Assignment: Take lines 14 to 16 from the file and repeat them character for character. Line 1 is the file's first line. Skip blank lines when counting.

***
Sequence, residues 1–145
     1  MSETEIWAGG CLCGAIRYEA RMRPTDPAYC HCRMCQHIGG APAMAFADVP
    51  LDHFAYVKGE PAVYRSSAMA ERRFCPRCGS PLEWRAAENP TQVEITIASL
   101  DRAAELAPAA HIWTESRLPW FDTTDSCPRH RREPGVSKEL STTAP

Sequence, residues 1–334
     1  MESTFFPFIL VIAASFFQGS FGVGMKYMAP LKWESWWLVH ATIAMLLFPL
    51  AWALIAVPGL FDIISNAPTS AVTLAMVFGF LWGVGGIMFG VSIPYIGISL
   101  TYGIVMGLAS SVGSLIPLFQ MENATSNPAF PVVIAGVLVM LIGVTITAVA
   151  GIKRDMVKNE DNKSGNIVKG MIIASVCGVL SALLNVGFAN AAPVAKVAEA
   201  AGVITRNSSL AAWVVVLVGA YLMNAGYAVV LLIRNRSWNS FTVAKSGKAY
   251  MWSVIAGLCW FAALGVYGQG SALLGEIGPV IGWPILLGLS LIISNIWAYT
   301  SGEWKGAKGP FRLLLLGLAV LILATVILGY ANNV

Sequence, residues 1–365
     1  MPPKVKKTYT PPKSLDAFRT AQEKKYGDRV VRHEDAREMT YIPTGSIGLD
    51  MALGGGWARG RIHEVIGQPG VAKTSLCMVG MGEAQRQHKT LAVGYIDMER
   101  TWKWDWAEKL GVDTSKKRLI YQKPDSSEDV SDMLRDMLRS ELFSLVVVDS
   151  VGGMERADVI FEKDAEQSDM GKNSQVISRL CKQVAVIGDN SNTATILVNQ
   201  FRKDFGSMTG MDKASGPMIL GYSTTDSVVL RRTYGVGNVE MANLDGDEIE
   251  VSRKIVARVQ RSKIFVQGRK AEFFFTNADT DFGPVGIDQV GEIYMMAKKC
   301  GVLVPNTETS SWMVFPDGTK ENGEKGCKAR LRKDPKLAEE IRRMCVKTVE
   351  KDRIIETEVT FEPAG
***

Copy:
     1  MPPKVKKTYT PPKSLDAFRT AQEKKYGDRV VRHEDAREMT YIPTGSIGLD
    51  MALGGGWARG RIHEVIGQPG VAKTSLCMVG MGEAQRQHKT LAVGYIDMER
   101  TWKWDWAEKL GVDTSKKRLI YQKPDSSEDV SDMLRDMLRS ELFSLVVVDS